Model Curriculum-[B] Courses – Applying the Methodology

The modules in the [B] Courses illustrate the techniques of modern historical methodology, and their application to the environment of Islam’s emergence. The importance of this syllabus is that the Muslim Middle East is ill-served by current textbooks that have absorbed uncritically an unscientific, ‘sacralised’ narrative of the past, with too much reliance upon the didactic purpose of the mediaeval Muslim historians. Historical works have not regularly included other criteria in other research disciplines such as literary criticism, sociology, geology, topography, linguistics, palaeography and archaeology, numismatics, comparative literature and historiography. This omission is due to a misplaced fear of damage to what is improperly conceived as the delicate fabric of faith. Yet these modern historiographic methods are adding penetrative depth to studies in the field, and are elucidating much that has been left unexplained about this momentous period for world history. The study of the Qur’ān as a historical document using modern approaches to historical analysis is of particular value in undoing the damage from the doctrine of the Qur’ān lying ‘outside of history’ and its stagnating effect on ethical development and the prospects of professing a progressive Islam in the contemporary world. Contemporary scholars employ modern historiographic methods to illustrate the essentially ‘dialogic’ approach of the Qur’ān to its environment, and make the case for continuing this dialogue, for prising open the ‘official closed corpus’ of scripture and for licensing change on much broader and more radical levels. Thus obscurities are clarified, speculations corrected and entire new vistas opened to the historical, cultural and spiritual pedigree of Islam, and to the contribution it has made, and makes, to the world.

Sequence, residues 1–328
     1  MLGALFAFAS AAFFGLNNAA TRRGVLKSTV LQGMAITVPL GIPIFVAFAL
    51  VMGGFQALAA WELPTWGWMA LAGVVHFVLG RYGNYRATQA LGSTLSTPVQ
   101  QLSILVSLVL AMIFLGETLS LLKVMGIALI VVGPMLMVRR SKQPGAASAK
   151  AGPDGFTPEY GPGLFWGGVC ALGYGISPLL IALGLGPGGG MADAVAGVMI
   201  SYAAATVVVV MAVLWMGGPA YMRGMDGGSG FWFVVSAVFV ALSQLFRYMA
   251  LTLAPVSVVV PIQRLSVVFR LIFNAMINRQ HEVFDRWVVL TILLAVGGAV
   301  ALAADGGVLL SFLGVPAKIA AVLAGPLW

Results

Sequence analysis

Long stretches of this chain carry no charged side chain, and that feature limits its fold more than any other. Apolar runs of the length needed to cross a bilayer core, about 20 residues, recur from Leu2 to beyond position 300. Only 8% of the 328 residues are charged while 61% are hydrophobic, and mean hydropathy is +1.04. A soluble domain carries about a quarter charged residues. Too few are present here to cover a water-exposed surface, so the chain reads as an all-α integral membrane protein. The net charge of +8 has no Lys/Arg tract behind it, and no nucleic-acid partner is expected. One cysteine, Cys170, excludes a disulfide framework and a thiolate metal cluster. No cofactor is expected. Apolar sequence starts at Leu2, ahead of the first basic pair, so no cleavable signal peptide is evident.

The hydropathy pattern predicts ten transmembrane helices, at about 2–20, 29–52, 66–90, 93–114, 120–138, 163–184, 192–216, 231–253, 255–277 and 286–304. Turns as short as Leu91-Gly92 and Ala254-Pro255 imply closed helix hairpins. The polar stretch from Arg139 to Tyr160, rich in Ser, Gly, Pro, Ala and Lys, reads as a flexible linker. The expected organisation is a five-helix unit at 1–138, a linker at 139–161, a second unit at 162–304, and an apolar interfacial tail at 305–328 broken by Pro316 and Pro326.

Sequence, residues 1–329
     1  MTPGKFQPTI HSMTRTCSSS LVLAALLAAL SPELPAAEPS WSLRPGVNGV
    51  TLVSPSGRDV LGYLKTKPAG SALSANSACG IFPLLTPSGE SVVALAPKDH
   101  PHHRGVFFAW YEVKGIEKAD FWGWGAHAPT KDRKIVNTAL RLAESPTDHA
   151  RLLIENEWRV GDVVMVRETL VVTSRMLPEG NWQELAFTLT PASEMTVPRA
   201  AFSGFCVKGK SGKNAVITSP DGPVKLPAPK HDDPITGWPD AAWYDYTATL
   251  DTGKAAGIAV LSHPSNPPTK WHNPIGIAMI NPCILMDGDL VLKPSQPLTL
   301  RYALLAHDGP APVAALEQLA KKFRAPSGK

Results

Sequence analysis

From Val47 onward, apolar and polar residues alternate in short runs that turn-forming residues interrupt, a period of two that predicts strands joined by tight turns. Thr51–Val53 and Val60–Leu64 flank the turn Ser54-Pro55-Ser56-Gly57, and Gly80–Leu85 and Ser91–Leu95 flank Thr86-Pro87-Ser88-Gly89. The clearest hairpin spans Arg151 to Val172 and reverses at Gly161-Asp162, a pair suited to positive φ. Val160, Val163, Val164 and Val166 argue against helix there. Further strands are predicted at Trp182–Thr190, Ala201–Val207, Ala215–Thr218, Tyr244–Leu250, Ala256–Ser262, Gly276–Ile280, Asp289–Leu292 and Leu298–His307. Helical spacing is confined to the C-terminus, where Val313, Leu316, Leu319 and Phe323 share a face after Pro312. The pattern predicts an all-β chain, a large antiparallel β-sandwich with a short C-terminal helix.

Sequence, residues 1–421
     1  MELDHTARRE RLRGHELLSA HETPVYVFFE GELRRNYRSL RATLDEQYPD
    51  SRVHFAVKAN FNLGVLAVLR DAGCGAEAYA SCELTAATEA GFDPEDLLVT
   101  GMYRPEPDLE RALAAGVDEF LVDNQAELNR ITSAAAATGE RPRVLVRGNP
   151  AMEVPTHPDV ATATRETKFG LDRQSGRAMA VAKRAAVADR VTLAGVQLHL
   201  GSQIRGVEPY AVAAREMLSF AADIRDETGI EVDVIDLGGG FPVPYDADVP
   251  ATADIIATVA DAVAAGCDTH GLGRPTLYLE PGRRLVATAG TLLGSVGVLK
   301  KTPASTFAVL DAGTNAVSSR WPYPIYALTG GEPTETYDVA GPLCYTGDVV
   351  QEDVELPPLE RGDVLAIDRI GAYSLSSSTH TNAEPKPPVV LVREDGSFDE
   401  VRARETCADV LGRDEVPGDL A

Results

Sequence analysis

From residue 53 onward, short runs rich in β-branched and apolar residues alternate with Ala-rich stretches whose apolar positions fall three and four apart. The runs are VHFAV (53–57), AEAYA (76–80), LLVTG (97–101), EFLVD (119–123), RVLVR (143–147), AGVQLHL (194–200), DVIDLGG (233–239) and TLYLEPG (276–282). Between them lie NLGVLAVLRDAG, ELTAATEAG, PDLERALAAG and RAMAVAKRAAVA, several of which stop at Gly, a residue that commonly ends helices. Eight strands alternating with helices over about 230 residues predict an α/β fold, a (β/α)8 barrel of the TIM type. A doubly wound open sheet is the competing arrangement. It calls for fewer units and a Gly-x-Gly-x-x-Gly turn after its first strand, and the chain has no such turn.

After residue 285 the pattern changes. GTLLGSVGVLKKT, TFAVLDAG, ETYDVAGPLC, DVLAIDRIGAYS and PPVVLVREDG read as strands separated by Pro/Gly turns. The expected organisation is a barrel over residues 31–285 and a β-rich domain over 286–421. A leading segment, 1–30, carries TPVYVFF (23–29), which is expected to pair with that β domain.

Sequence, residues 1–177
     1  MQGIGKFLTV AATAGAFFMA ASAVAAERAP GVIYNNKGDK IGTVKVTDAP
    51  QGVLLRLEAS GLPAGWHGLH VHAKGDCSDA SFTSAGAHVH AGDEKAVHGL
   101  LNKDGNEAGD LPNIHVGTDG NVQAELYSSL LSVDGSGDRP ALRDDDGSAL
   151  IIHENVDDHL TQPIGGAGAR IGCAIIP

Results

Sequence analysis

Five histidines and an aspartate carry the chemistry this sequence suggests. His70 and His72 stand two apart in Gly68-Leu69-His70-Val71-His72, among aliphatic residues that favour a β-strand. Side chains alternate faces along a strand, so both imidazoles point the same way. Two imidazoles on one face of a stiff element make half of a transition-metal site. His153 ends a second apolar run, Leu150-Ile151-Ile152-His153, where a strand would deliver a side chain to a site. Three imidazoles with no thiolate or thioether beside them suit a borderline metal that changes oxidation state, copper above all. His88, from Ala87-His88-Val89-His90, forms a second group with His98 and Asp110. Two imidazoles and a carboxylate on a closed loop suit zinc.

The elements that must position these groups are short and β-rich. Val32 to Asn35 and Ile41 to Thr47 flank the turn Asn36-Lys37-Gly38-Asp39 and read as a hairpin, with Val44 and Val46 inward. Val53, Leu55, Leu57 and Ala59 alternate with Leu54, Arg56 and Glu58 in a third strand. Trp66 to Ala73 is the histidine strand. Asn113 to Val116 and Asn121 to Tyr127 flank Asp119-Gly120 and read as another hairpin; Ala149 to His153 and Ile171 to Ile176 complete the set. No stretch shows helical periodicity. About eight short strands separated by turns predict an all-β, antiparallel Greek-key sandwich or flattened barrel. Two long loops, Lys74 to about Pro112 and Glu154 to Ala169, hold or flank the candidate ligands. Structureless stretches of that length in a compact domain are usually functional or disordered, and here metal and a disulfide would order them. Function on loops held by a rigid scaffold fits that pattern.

Model Curriculum-[C] Courses – Revisiting the Legal Heritage

Islamic law has becoming the defining feature of identity in the contemporary period. Yet aside from false characterisations of the law held by Muslims and non-Muslims alike, the potential and relevance of Sharīʻa – a religiously-defined law in a progressively pluralising world environment – remains a lively debate. While conditions in which jurisprudents of the classical tradition functioned no longer apply, the response from some quarters to the incapacity in the form of auto-scholarship has failed to embrace the complexities of the modern state and has compromised the exercise of justice. While traditional-minded scholars have been resistant to change the classical model of Sharīʻa through fear of contamination, more creative thinkers have sought to remove this resistance. They argue for accommodating the accumulated experience and legislatory practices of non-Muslims on the grounds that these are the common product of the fiṭra of Mankind. By so doing, they are developing the potential for new vistas of jurisprudential thought to open up in a way that does not imply a severance with the heritage. The analysis in this [C] Course of the Model Curriculum is intended to map out the dimensions of this complex debate today, and chart how it is emancipating itself from anachronistic models and sterile preoccupations with ‘authenticity’ towards live, transformative discussions that seek to integrate the maqāṣid of the legal heritage into the globalising consensus on international standards of law, towards the ultimate goal of a good society for all citizens, irrespective of faith.